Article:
Following his sacking as manager of Manchester United on Tuesday, David Moyes released an official statement on Wednesday in which he clarified he was "grateful" to former manager Alex Ferguson for the opportunity and acknowledged he had failed to live up on the expectations associated with managing such a big club.
To have been appointed as manager of Manchester United, one of the biggest football clubs in the world, was and remains something of which I will always be incredibly proud.
Taking charge after such a long period of continuous stability and success at the club was inevitably going to be a significant challenge, but it was one which I relished and never had a second thought about taking on.
The scale of the manager's job at United is immense, but I have never stepped away from hard work and the same applies to my coaching staff. I thank them for their dedication and loyalty throughout the last season.
We were fully focused and committed to the process of the fundamental rebuilding that is required for the senior squad. This had to be achieved whilst delivering positive results in the Premier League and the Champions League. However, during this period of transition, performances and results have not been what Manchester United and its fans are used to or expect, and I both understand and share their frustration.
Fans of the club had been calling for Moyes to be sacked from the club for weeks, and following the Red Devils' 2-0 loss against Everton on Sunday, rumours those fans would see their wish fulfilled started to spread.
But portions of the club's supporters remained in Moyes' corner, something the former Toffees manager remained thankful for until the very end:
In my short time at the club I have learnt what special places Old Trafford and Carrington are. I would like to thank the United staff for making me feel so welcome and part of the United family from my first day. And of course thank you to those fans who have supported me throughout the season. I wish you and the club all the best for the future.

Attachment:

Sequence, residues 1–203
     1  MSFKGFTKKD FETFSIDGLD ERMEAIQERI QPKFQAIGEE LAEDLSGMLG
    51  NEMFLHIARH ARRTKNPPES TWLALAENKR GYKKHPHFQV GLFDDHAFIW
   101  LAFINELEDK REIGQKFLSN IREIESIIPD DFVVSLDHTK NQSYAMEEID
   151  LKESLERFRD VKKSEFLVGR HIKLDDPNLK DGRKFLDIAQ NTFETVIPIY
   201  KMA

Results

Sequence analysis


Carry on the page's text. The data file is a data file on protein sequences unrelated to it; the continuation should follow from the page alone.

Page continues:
As shared by ESPN FC, the League Managers' Association, a union for all managers involved in Premier League, Football League and national team football, voiced its displeasure with the way Moyes' resignation was handled:
However, via the AP's Martyn Ziegler, spokesmen for the club denied the timeline being associated with Moyes' sacking as being the correct one:
Social media immediately reacted to the former United manager's statement, with the vast majority of fans describing Moyes' words as "classy." More than a few even questioned the way the club handled the situation these past few days:
But following the loss to Everton, Moyes' sacking had become almost inevitable. With the club not able to qualify for UEFA Champions League football for the first time in 19 years and even the Europa League seemingly out of reach, the Red Devils were very much in crisis.
Under Moyes, United started the season by winning the Community Shield, but that would be the only silverware the Scotsman would be able to reel in during his time with the club.
The lack of an immediate impact from marquee signing Marouane Fellaini and continued struggles from Tom Cleverley severely weakened the team in the centre of midfield. And as more time passed, the club's results continued to worsen.
The addition of Juan Mata during the January transfer window was but a band-aid for a much larger problem, as the Red Devils' brand of slow, uninspired football angered fans and pundits alike.
Moyes kept reminding the world his team would require time, but United never seemed to make any sort of progress under his watch, and continued losses against the Premier League's top sides had the team sliding ever further down from the top four and the Champions League tickets that come with such a finish.
The 2-0 loss at Goodison Park was just the final straw, a painful conclusion to what had been a most disappointing season.
Moyes was quite successful coaching Everton during the previous decade, and it seems very likely the Scotsman will have little difficulty finding a job as manager with a club of a similar stature.
Perhaps he wasn't ready for the biggest of stages, like Old Trafford, or perhaps Moyes' personality simply wasn't made for a club the magnitude of United. Whatever the case was, a split between club and manager could very well be in the best interests of all parties involved in the long run.
Judging by this respectful statement, Moyes will not allow any hard feelings to get in the way of his appreciation of the chance he was given with the club and such an optimistic viewpoint could only prove helpful as he starts the search for a new job.
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